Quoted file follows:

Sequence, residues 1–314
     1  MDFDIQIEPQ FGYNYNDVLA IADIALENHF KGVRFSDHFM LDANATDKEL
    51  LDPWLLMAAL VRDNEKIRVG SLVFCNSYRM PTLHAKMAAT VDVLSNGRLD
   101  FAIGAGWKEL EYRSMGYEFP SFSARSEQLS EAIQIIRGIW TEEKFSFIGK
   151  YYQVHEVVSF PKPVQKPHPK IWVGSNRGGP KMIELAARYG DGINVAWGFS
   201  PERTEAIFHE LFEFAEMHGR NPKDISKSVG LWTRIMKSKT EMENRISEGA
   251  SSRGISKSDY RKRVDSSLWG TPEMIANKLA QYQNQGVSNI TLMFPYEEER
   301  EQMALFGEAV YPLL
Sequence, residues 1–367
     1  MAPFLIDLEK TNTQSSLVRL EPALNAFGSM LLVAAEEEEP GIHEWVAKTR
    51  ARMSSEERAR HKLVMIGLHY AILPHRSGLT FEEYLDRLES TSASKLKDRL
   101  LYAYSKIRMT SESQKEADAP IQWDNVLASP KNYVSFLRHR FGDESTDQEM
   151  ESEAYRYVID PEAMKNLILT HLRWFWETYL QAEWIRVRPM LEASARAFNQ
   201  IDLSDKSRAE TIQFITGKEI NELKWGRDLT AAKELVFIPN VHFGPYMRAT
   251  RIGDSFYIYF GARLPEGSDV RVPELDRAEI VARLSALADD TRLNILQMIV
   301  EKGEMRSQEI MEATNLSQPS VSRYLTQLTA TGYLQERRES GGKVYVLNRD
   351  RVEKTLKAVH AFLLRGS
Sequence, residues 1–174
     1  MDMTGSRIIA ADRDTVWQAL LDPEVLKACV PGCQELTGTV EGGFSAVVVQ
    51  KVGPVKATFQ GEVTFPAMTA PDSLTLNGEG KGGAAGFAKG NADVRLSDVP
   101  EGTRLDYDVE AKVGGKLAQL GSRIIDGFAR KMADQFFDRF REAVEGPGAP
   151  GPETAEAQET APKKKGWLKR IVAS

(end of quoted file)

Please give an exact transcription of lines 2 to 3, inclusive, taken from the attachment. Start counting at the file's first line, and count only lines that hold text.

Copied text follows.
     1  MDFDIQIEPQ FGYNYNDVLA IADIALENHF KGVRFSDHFM LDANATDKEL
    51  LDPWLLMAAL VRDNEKIRVG SLVFCNSYRM PTLHAKMAAT VDVLSNGRLD